In my rebuttal paper, I even made this chart showing the reported wing lengths of migratory and non-migratory monarchs from around the world, for comparison to the California monarchs raised by James et al. (which are the red bar).
From this comparison, it seems pretty reasonable to conclude that the California larvae reared by James et al in the winter were not large enough to be real migrants. If these were the offspring of formerly-migratory monarchs (that had switched to a winter-breeding lifestyle), then they should have become large-winged adults, like their parents. Since they actually became small-winged adults, this implies that they were the offspring of the small-winged, permanently-resident monarchs from the local area. This fact then implies that these monarchs did not rejoin the migration, and therefore, that these monarchs did not contribute to the overall migratory population. In other words, the year-round milkweed sites produced resident monarchs, not migratory monarchs. This means that these sites did not enhance the migratory population.
In addition to this argument about wing sizes, I also pointed out in my paper that the 500 monarchs raised by James et al. were heavily infected with OE (based on their own data), which is something that I don't think James takes seriously enough. This high prevalence is typical of monarchs in areas with year-round milkweed, and it is NOT a good thing for the monarch population. I've blogged about the dangers of this in the past (like here).
OK, so these are the main arguments I raised in my rebuttal paper. As is customary in a rebuttal situation, the original authors are allowed a chance to respond, and James et al. did so. Their "counter-rebuttal" article was also just published in the same journal and is linked here. Please read this as well! I read through it and see that they do have some interesting responses. Not sure if I agree with them though. Their main response seems to be that the winter-breeding monarchs don't have to be large! Interesting thought...I'll let readers be the judge - please do read that article too.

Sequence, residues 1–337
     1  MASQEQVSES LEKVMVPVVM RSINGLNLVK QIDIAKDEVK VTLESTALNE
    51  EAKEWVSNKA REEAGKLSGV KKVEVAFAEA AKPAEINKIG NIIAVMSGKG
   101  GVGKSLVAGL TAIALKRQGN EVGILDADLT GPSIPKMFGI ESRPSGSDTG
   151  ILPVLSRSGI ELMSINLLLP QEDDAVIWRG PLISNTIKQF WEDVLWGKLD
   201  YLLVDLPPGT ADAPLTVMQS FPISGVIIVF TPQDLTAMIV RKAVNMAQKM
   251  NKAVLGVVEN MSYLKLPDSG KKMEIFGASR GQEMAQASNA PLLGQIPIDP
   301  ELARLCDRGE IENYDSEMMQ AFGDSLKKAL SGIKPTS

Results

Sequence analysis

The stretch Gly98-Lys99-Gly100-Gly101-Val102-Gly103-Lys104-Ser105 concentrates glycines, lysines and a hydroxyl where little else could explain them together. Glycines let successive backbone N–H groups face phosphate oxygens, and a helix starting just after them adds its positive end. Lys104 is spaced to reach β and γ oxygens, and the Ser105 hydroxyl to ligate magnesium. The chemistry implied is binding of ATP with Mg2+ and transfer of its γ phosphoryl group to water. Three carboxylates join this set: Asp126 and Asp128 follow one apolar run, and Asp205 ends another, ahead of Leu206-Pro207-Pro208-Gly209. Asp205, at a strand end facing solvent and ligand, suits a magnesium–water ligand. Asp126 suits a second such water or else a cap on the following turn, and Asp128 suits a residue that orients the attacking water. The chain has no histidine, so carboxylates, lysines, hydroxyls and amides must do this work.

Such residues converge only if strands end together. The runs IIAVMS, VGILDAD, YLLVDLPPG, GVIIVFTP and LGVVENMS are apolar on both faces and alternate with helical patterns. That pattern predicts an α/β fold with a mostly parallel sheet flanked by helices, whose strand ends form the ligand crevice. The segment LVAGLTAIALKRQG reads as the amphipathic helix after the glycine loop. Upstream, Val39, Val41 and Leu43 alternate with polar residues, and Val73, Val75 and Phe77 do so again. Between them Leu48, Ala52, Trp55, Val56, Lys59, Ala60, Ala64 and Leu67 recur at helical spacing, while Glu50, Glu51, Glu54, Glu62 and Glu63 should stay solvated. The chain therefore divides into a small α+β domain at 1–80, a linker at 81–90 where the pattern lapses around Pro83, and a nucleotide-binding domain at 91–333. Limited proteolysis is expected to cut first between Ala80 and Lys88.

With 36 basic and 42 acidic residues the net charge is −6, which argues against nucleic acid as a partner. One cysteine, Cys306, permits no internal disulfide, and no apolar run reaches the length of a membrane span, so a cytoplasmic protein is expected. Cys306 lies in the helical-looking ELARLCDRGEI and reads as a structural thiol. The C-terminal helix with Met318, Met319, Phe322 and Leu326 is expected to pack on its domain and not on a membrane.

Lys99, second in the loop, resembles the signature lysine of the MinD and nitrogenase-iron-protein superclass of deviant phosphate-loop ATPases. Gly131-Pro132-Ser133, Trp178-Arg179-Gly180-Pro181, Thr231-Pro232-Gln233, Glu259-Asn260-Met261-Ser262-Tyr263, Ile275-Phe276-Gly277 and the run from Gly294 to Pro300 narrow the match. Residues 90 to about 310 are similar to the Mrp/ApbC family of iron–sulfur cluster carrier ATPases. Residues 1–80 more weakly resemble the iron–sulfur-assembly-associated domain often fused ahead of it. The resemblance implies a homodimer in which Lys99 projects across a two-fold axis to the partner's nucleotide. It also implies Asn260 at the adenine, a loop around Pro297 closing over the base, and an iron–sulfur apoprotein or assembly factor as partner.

If you've reached the end of this blog you may be left wondering what to believe, or more importantly, who to believe? In this case, there are two scientists, each an expert, but each saying something different. Hopefully, you will do your reading and decide for yourself how best to help the monarchs, or even if they need our help at all! Regarding winter-breeding and exotic milkweed, I think the thing that this debate highlights is how little we actually know about the full impact of exotic milkweeds to the behavior and lifecycle of monarchs in North America. I always recommend the cautionary approach in situations like this.
I want to end this blog post by commending the authors for at least making the effort to generate some useable data on this evolving situation in California. It is really the interpretation of those data that is at question here. And, getting this interpretation right is critical for effective monarch conservation efforts.
That's all for now.